I started Underground Press Publishing over a decade ago when I first had the idea for ArchAngelxx and first bought web-space from GoDaddy. All of my eBooks have been published through the Underground Press. Now I have an account with a POD printer and distributor so I can at last see those books in print. My books will be available through Amazon, Barnes & Nobel, and in the major wholesale catalogs for Indie bookstores to order, here and in Europe. I'm also porting them to Nook and all future titles will come out in print, as-well-as on Nook and Kindle.

So now, dear friends, I am a serious Indie Publisher ~ no longer walking the line between pubing on Kindle and querying New York. Underground Press Publishing is in the game, and we are bringing Southern charm, and Tar Heel tenacity to the publishing world. If there is anything we can do for y'all, just give me a shout here, on FB or Twitter, or drop me an email.

max


6 comments:

  1. Thanks. Right where I belong I think ;-)

    ReplyDelete
  2. Congratulations! I wish you so much success.I know first hand that holding a copy of your book is priceless. Please let us know when your books are in print. I, for one, would love to buy copies.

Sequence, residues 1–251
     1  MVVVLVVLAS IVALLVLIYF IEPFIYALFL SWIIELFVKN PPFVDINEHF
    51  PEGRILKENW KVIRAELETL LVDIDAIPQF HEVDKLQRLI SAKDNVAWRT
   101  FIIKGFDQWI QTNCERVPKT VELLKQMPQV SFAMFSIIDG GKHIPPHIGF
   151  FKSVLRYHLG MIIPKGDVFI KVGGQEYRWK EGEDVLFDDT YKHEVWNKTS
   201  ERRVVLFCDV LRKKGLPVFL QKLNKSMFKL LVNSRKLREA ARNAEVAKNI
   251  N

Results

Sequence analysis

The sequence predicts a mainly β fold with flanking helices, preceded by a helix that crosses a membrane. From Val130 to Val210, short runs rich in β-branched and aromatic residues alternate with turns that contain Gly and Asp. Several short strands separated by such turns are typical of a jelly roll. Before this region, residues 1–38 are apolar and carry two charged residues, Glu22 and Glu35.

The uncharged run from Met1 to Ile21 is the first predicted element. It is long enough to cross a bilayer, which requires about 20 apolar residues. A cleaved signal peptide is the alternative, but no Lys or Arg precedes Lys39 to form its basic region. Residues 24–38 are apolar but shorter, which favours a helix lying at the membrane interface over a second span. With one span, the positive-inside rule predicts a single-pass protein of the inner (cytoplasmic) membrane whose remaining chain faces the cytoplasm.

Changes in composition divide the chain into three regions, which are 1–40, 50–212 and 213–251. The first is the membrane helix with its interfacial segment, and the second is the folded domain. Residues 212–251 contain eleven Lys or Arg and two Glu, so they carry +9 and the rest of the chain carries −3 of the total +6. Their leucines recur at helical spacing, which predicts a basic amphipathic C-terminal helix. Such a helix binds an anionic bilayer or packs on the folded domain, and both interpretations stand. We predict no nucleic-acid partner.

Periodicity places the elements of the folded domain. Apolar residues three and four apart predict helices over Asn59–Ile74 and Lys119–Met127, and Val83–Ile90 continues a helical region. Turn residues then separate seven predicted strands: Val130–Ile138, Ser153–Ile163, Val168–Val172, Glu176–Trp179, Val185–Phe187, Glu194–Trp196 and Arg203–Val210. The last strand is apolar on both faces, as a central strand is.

(Oh, and by the way, fifty's not really old.) :)

    ReplyDelete
  3. Thanks for the encouragement. And don't worry, I'll be screaming it from the housetops when the first book comes out ;-)

    ReplyDelete
  4. Max,
    Nice, love your post and share your sentiments. Life is too short to wait for years to have something published, and it's great to have alternative means by which to do it.
    Congratulations on moving into print on your own terms. And though you may be older, you are also certainly wiser, and that is something only time could have provided.
    By the way, fifty is the new thirty, so don't worry. "Age is an issue of mind over matter. If you don't mind, it doesn't matter."
    -Mark Twain

    ReplyDelete
  5. Thanks Eden. It's true age and experience can be a plus. I'm comfortable with the business side, which younger writers might find intimidating.

    I'm excited with the challenge. I don't know about 50 being the new 30, but ol' Ben Franklin had a lot of fun after 50 ;-)

    ReplyDelete